- The Writer holds an MSc from Creighton University and is a Ph.D. candidate in the Turkish National Police Academy
Last week, Brent oil price continued to recover its losses through declines in U.S. commercial oil inventories and with a halt in
Further positive statements from Saudi Energy Minister Khalid al-Falih regarding the possible extension of the oil cut pact for 2019 accelerated this price recovery.
The official announcement of the OPEC and Non-OPEC Joint Ministerial Monitoring Committee (JMMC) regarding the record conformity levels to the oil cut deal was another form of assistance in bolstering oil prices.
Support was also found with the geopolitical conflict between Iran and Israel in the Middle East at the beginning of last week and the closure of the El Feel oilfield in Libya, which on average produces around 70 thousand barrels per day.
However, recuperation in the dollar index due to the release of January’s Federal Open Market Committee minutes last Wednesday limited the upward trend in prices.
Last week’s oil markets will be reviewed based on the U.S. dollar index, weekly American Petroleum Institute (API) and Energy Information Administration (EIA) oil inventories, weekly EIA crude oil production in the U.S. and weekly U.S. Baker Hughes rig count.
Brent oil began the week with a rise to $65.67 through rising tension between Israel and Iran.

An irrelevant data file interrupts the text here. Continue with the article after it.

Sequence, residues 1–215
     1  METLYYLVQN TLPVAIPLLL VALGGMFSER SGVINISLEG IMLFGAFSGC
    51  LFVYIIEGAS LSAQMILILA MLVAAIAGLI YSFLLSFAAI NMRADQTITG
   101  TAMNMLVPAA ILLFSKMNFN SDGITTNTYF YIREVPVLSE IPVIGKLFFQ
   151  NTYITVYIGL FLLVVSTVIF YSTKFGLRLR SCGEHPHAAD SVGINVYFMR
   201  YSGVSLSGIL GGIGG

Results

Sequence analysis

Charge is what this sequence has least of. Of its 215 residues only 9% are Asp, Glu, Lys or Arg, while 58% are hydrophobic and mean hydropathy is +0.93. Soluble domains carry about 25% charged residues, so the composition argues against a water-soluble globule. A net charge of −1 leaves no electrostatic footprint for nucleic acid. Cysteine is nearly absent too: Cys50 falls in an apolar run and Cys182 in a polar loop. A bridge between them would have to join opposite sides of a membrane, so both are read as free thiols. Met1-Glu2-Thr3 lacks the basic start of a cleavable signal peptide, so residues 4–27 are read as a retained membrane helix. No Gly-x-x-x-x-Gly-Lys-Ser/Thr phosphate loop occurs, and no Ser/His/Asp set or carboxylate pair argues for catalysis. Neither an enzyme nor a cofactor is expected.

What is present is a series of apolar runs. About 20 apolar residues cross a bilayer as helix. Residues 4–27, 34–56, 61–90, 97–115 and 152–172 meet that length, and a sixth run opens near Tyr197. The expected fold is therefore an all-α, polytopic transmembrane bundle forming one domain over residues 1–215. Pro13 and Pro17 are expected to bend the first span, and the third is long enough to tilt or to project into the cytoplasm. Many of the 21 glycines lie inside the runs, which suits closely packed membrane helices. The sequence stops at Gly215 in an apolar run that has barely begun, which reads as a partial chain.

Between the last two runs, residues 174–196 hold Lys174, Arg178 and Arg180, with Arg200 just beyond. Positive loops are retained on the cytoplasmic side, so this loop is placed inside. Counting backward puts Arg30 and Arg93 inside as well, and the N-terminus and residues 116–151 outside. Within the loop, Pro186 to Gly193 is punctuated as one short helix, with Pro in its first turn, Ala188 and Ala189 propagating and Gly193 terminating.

However, it slid down to $65.25 owing to a rise in the dollar index on Tuesday.
It recovered to $65.42 through a decline of 0.90 million barrels in U.S. oil inventories, as detailed in the weekly API report on Wednesday.
It continued its ascent to $66.39 on Thursday through the weekly lowering of 1.61 million barrels in U.S. commercial oil inventories, according to the EIA’s weekly report on Thursday as well as a decrease in U.S. crude oil production by a thousand barrels per day to 10.27 million barrels per day from the previous week ending Feb. 16. Declines in the U.S. dollar index also aided this price increase.
Brent surged and settled at $67.31 at the end of the week with the closure of the El Feel oilfield in Libya.
The OPEC and Non-OPEC JMMC, based on its Joint Technical Committee (JTC) report, officially announced last Thursday, Feb. 22, that participating countries in the oil cut agreement reached 133 percent, a record conformity level that was achieved with great efforts from several countries.
One of the most important cornerstones for the increase in oil prices since the second quarter of 2017, along with OPEC and non-OPEC participating countries oil cut agreement, is the rise in global oil demand, which is driven mostly by decreases in the U.S. dollar index. Since President Donald Trump’s inauguration in January 2017, the dollar index has fallen despite three interest rate hikes throughout the year. Currently, the markets are becoming familiar with the new Fed Chair, Jerome Powell, and his interest rate policy. However, the Trump administration’s attempts to maintain a low dollar index will continue to offset the Fed’s next interest rate hike. Therefore, a weak U.S. dollar index is set to continue to support oil prices during Powell’s tenure.
Markets would like to see oil prices reaching over $70 again, but this is dependent on declines in OECD commercial oil inventories that would need to endure to ramp up prices to over this level. Brent oil will continue to fluctuate between $66 and $68 this week, amid the recent diminished growth in U.S. oil production and declines in U.S oil inventories.
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